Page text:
Jerry Rice has it. Kobe Bryant has it. Mia Hamm has it. What is it? Balance. One may not think of balance as an important component of physical performance, but it is probably the single most integral part of any athletic activity. Why? It is the basis for all movement.

When running at speeds of 11 meters per second, a world-class sprinter must alternate balance between legs in approximately a tenth of a second or less when propelling him or herself forward. Just try losing your balance then regaining it in that short period of time. It’s not an easy task.

Balance is not an isolated skill. It is a component of all domains of activity such as speed, coordination, strength, flexibility and endurance.

When lifting a heavy weight, one must not only possess strength and coordination to complete the lift, but must have proper weight distribution and posture in order to prevent external weight going forward or backward and thus compromising the quality of the lift. Often people will try to overcompensate for a lack of balance with strength and in turn promote improper technique, which can lead to poor skill development and injury.

We also tend to think of balance as something that is static or performed in one position. This is simply not the case, as balance is a skill, which is very dynamic in nature. Balance comes into play in almost any movement activity, as you have to counteract such forces as gravity, momentum and changes in ground surface. To illustrate this, picture a running back in football carrying the ball up the sidelines while trying to gain more yardage and stay in bounds. No doubt his leg and upper body strength is vital in moving forward, he must counteract the pull of gravity and resist the external forces of a tackler — all with balance.

When training to improve your balance, start with simple exercises and progress to more complex. Take away one or more of your senses such as sight to make it more challenging. Make it dynamic, simulating actual sport skills that you may use.

Progression is the key to improving one’s balance. Always start with a two-legged stance on a firm surface and progress to a single leg balance on an unstable surface with your eyes closed. Use an external apparatus such as holding a dumbbell to make it more difficult. You may also gradually increase the speed and/or amplitude of motion of a specific balance drill. Never progress to the next level of balance until you have accomplished the easier level.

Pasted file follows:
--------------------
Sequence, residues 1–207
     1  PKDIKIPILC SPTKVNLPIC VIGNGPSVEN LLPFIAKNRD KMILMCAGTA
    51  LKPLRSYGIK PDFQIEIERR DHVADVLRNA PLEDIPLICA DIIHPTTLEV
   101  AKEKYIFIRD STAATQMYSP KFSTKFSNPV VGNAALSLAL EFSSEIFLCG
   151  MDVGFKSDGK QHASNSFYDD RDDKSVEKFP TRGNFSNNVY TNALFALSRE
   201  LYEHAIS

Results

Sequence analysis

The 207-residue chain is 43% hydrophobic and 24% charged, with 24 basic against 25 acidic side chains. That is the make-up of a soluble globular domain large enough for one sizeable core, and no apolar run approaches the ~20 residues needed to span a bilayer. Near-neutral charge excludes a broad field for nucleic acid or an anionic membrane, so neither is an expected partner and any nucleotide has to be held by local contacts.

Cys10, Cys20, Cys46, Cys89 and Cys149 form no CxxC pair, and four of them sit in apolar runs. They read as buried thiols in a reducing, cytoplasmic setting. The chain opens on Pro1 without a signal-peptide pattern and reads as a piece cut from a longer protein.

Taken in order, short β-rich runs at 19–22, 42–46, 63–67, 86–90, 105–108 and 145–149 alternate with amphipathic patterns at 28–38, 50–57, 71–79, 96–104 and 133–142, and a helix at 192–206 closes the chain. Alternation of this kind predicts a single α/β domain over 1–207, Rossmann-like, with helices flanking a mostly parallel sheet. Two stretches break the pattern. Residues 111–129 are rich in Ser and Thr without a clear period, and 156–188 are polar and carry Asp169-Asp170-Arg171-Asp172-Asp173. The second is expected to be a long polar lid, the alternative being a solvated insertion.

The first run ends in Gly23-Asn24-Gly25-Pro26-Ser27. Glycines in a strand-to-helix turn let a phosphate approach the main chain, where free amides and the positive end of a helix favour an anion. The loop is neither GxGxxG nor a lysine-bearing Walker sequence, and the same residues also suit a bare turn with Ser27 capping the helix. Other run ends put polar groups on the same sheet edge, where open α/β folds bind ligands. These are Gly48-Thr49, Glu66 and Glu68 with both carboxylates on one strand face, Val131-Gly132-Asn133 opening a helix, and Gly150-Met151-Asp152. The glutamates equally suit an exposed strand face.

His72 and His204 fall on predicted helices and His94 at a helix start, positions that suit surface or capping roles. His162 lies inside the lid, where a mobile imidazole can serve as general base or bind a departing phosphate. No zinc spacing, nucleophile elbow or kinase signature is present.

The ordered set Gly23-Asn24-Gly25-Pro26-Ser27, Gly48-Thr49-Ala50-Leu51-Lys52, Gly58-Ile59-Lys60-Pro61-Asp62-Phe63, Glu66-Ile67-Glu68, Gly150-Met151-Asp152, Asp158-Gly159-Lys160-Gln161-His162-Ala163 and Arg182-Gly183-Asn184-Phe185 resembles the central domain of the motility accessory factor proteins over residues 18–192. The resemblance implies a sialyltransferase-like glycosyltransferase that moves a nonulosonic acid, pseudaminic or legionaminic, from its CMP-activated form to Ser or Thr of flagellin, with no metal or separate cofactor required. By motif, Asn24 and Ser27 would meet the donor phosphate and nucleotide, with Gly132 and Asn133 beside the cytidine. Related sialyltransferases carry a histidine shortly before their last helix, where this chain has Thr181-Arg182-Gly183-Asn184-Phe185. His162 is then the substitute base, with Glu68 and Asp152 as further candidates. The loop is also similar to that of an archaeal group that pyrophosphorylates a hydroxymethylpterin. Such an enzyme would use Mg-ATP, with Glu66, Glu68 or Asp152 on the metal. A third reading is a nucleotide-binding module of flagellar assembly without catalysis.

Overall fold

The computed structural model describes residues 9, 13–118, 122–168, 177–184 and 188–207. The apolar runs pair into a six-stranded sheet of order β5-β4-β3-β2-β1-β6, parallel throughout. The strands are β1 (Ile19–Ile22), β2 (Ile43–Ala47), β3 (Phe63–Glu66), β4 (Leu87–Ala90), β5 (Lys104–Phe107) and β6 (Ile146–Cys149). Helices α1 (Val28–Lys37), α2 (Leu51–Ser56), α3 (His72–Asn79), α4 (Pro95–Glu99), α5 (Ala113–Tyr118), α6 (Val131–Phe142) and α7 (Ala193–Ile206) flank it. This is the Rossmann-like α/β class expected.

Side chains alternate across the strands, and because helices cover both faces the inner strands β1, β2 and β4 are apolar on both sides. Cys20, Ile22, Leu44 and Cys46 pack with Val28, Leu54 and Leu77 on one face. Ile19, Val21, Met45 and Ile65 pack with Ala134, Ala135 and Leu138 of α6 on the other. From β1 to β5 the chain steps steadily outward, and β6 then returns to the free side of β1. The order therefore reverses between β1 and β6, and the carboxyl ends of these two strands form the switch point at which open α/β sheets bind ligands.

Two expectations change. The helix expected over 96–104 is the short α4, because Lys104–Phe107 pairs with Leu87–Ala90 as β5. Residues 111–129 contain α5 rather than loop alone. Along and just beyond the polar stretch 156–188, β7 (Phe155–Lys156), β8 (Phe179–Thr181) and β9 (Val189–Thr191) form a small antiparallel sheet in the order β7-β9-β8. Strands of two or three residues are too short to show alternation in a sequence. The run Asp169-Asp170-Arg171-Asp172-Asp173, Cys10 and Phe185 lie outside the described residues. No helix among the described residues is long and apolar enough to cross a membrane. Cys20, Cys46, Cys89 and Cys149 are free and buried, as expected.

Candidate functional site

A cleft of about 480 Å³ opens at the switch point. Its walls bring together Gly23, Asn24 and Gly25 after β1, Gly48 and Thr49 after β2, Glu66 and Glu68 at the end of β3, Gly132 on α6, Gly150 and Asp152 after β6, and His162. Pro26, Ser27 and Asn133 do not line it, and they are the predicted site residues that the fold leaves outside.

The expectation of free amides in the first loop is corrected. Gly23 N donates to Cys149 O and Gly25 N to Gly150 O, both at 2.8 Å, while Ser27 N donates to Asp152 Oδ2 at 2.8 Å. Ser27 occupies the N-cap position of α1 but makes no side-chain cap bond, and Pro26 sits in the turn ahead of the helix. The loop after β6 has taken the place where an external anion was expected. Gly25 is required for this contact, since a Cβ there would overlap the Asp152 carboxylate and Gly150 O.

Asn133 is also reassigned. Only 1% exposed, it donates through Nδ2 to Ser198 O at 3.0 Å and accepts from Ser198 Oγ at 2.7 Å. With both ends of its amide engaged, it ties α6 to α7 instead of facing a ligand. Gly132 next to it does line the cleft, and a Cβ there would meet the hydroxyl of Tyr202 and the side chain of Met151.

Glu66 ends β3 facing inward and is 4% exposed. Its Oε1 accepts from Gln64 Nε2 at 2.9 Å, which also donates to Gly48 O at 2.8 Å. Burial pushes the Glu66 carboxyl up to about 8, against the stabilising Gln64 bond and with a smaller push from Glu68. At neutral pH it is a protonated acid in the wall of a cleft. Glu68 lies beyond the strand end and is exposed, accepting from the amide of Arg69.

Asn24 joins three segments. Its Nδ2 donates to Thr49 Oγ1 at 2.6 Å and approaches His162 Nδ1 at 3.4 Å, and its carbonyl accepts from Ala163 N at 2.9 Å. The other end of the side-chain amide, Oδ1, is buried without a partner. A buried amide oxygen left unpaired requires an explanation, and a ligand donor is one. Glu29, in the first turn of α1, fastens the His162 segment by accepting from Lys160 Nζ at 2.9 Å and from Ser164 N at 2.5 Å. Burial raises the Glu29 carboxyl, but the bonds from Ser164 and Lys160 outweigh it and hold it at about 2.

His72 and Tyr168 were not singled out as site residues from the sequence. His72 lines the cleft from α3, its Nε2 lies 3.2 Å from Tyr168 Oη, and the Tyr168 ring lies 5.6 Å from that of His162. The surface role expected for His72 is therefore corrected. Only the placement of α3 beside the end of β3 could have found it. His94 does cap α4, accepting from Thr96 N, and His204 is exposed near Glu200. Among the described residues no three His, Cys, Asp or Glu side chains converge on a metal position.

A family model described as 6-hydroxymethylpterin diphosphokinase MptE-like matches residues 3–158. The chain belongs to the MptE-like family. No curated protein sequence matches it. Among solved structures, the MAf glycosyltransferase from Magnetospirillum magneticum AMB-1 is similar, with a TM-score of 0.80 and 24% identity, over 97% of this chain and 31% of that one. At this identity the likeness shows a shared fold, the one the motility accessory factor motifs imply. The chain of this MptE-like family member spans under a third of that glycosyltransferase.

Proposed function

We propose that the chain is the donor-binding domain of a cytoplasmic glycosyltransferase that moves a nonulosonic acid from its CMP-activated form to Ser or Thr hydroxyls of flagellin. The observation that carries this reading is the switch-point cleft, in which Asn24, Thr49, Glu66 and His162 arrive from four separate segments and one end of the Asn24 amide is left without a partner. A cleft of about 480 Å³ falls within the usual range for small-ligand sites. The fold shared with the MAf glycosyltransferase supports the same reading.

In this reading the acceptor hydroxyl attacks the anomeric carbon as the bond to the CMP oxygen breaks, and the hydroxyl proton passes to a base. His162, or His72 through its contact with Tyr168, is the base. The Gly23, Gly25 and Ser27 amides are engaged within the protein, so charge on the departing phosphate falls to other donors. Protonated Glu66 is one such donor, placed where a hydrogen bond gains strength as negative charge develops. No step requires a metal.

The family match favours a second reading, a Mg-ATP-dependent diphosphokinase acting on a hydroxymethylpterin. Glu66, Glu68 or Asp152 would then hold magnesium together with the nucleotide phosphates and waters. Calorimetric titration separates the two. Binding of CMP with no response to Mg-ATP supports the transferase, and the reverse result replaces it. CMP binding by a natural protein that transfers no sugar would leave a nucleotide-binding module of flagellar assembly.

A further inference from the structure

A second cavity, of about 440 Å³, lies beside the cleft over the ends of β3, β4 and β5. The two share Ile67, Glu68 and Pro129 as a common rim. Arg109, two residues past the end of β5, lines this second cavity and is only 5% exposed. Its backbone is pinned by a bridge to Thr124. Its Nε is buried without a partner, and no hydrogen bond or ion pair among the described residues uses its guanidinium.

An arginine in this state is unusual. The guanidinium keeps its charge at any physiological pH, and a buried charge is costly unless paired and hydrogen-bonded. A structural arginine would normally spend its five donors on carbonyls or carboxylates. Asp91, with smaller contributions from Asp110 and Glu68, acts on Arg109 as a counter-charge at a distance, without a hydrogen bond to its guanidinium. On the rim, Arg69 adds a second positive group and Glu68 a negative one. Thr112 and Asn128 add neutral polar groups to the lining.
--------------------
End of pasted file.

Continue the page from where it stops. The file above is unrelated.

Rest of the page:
What are some good balance activities you can try? Start with the leaning tower and sway forward and side to side without taking a step, then try it with your eyes closed. Next, try the Stork stand by balancing on one foot for up to 30 seconds. To make these more interesting you can hold onto a Swiss Ball and have someone try to knock it out of your grasp while your trying to maintain your balance.

The hurdle walk includes movement by stepping over a hurdle or cone with one leg, hold for a two count then step over with the other leg and proceed in that manner. Scramble up involves laying stomach down on the floor, then scrambling up to your feet, take a couple quick step and balance on one foot for a two count, and then repeat.

For those of you that play a sport that involves jumping, try standing in an athletic stance, then jump up with both feet and turn 90 degrees in the air and land balancing on both feet. This may then be progressed to 180 or 360 jumps and landing on one foot. As you can see, the possibilities are endless.

Try to remember you’re not training to walk across a teetering beam on “Fear Factor” but maybe to hit that three pointer with a defender in your face or nail that perfect drive off the first tee. Balance activities can be performed at any time and relatively any place. So, next time you’re bored with waiting for a weight machine or resting in between sets, try training your balance.

Steckley is a certified UR athletic trainer and can be reached at psteckley@campustimes.org.



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